IntroductionWelcome at to the webpages devoted to Kutna Hora’s musical manuscripts of the Middle Ages and Renaissance.
The biggest share in the development of the liturgical chant in the 15th century’s Bohemia are is ascribed to literary brotherhoods. They were societies of educated town citizens that ensured liturgical chant within the Utraquist worship. As a matter of fact, they were little male choirs (10-20 members) organized in the manner of guilds. The existence of such brotherhoods is proven through plentiful documentation are plentifully documented in Kutna Hora. Each of the local churches have their own literary brotherhoods. The ‘High Church’ (St. James) had as many as two choirs, the Czech and the Latin . The existence of this brotherhood can be traced back to 1416 .
y Through the devoted work of those brotherhoods, many liturgical books, oftentimes abundantly illuminated, were created. In Kutna Hora, there are rich sources of evidence of this work. For example, in 1502 the inventory of the Church of Virgin Mary ‘na Náměti’ found the following: 10 missals including agenda and ‘special books’, parchment gradual, paper antiphonary, 4 parchment psalters, paper ‘special book’ for singing, 2 hymnals including texts in a folder, 1 small red leather-bound hymnal, 1 textual in white binding, old rubric on paper, and in total 6 hymnals.
Angels playing instruments, painting ceiling. Master of Smíšek Chapel , St. Barbara cathedral.
Kutna Hora had no illumination workshop, therefore most of these books were made in Prague and only some of the non-illuminated manuscripts may have been created by local scribes. There exist records of work of the local scribes in the production of songbooks in 16th century .
In the 15th century, the repertoire of these books did not differ much from other contemporary songbooks. Since the contemporary Utraquist Church had very similar liturgy as the Catholic Church, the songbooks contain mostly one-voice Latin chorales and hymns for individual seasons of the liturgical year, which find their origin in the ancient tradition of Gregorian chant. Moreover, some of the sources contain polyphonic scores of both Czech and Latin songs and medieval motets.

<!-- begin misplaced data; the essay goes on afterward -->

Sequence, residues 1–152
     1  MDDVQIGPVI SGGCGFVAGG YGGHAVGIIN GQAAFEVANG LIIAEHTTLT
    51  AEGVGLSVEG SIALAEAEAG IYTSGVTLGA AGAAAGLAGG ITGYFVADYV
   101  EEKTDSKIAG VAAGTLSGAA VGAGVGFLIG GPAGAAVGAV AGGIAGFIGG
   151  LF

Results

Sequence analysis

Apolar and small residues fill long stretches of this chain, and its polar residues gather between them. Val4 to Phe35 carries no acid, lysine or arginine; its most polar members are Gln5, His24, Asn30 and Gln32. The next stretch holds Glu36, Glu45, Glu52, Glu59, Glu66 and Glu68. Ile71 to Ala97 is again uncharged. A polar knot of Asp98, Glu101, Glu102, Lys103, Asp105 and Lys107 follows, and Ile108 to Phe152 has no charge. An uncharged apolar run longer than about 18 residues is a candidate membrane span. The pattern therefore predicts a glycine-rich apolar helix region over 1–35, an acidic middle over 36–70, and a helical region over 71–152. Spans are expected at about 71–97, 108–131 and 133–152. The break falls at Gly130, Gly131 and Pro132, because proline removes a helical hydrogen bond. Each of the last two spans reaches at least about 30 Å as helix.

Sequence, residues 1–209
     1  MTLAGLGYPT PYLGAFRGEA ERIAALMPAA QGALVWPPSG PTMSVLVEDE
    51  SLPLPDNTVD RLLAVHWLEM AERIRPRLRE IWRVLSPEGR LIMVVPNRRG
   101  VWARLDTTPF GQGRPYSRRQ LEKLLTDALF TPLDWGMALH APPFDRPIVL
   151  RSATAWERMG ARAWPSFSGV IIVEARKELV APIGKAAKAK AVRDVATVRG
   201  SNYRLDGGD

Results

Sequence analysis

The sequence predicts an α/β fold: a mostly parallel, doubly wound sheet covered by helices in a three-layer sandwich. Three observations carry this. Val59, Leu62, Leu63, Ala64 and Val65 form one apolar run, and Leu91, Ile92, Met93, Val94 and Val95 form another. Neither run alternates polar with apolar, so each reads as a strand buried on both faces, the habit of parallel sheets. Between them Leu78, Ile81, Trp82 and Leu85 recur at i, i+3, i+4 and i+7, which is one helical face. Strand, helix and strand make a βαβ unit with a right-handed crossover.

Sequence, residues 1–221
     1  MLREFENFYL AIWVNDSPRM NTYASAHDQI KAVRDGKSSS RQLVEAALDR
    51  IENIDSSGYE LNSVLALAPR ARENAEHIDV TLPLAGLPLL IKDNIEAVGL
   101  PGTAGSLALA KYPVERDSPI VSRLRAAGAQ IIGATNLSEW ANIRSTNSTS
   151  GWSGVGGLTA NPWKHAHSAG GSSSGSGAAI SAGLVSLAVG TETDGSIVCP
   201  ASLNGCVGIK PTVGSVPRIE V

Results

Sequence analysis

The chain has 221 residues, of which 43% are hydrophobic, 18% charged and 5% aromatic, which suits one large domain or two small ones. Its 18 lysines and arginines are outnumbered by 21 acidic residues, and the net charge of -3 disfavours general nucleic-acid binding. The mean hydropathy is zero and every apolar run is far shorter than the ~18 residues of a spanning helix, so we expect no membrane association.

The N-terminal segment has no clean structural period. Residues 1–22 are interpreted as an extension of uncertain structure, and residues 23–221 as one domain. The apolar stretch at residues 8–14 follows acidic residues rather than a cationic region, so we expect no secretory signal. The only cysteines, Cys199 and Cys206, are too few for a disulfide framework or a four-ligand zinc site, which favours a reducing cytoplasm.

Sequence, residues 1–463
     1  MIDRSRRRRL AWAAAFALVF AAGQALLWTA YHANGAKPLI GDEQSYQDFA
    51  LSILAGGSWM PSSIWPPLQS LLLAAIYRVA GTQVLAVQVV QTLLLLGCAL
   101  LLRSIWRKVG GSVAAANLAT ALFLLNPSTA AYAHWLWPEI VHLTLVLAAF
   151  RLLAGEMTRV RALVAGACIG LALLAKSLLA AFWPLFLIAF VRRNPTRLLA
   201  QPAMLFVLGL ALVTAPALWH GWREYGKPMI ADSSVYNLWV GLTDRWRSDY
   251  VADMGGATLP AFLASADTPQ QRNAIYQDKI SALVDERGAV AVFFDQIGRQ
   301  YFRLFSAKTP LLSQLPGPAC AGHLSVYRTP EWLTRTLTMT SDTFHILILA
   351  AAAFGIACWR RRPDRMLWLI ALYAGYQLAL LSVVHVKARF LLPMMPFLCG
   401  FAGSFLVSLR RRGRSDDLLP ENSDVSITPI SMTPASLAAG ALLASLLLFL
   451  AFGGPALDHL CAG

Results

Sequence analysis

Detail of music score in white mensural notation. It is obvious
that it is a part of (Renaissance) polyphonic composition.
These webpages attempt to thoroughly assemble information about Kutna Hora’s musical manuscripts which that have been explored so far. May they be a prompt for further research.
Herein I would like to say a word of thanks to all people who have kindly assisted me in my research: to Jana Bisingerová, PhD., director of the District Archive and Světlana Hrabánková, PhD., director of the Czech Museum of Silver for their assistance with making the photoreproduction of the sources and to their colleagues Vojtěch Vaněk, PhD. and Josef Kremla, MA. for their various professional assistance; to Milada Studničková, PhD. (Institute of Art History of the Academy of Sciences), associate professor Jaromír Černý, PhD., David Eben, PhD., Jan Baťa, MA (Dep. of Musical Science of the Philosophical Faculty of Charles University in Prague) and to Martin Horyna (Dep. of Music of Univ. of South Bohemia in České Budějovice) for their professional assistance and counsel. However, the biggest words of thanks belong to the Lord, for whose glory all these books were made.